J.S. Bach was born more than three centuries ago, yet contemporary musicians continue to mine riches from his music. As WRTI’s Susan Lewis reports, award-winning violinist Gil Shaham finds Bach connections in everything he plays.
Susan Lewis: Gil Shaham’s repertoire includes music from Brahms to Berg, Mozart to Mendelssohn, and Gershwin to Gluck. But who else is grabbing his attention these days? Johann Sebastian Bach – whose solo sonatas and partitas Shaham has just recorded. Shaham says he’s caught the "Bach Bug."
Gil Shaham: It's an amazing thing to have, and I discovered what so many musicians discovered before me - that there is no greater joy than playing Bach, hearing Bach, and studying Bach.
SL: And everything, he says, goes back to Bach.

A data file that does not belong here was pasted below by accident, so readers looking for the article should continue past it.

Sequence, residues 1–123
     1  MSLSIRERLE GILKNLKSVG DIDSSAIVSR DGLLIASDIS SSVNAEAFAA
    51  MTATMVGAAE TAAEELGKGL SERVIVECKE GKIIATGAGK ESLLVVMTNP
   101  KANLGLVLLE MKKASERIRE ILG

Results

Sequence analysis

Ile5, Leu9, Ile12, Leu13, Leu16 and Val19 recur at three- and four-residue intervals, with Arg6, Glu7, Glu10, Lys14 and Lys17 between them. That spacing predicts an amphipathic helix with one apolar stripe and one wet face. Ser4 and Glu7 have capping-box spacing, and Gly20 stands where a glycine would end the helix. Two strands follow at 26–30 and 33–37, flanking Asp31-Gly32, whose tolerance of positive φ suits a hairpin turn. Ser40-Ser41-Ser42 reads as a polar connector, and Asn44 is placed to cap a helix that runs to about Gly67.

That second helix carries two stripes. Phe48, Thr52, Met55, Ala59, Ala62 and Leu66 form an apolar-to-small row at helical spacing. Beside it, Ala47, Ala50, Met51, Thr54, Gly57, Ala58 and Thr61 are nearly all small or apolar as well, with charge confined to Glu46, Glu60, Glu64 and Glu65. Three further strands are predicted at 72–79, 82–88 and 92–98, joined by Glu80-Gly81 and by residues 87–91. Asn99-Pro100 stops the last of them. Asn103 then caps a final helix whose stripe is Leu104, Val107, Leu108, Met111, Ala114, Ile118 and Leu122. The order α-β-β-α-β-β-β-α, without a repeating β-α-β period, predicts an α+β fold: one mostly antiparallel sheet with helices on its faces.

GS: I never realized how close it was. If you think of Mozart...he said, 'this is music we can learn from.' He became a Bachian and studied for many months the music...same with Beethoven, who started out playing The Well Tempered Clavier. Same with Chopin. Brahms. Schumann. And later, Prokofiev, Stravinsky, Bartok, Berg - they all studied the music of Bach.
SL: While much was written for the church, the music, says Shaham, is sacred in more ways than one.
GS: I feel that musicians feel that Bach's music is sacred to our art.
SL: Gil Shaham’s recording, J.S. Bach: Sonatas and Partitas, is available on the Canary Classics Label.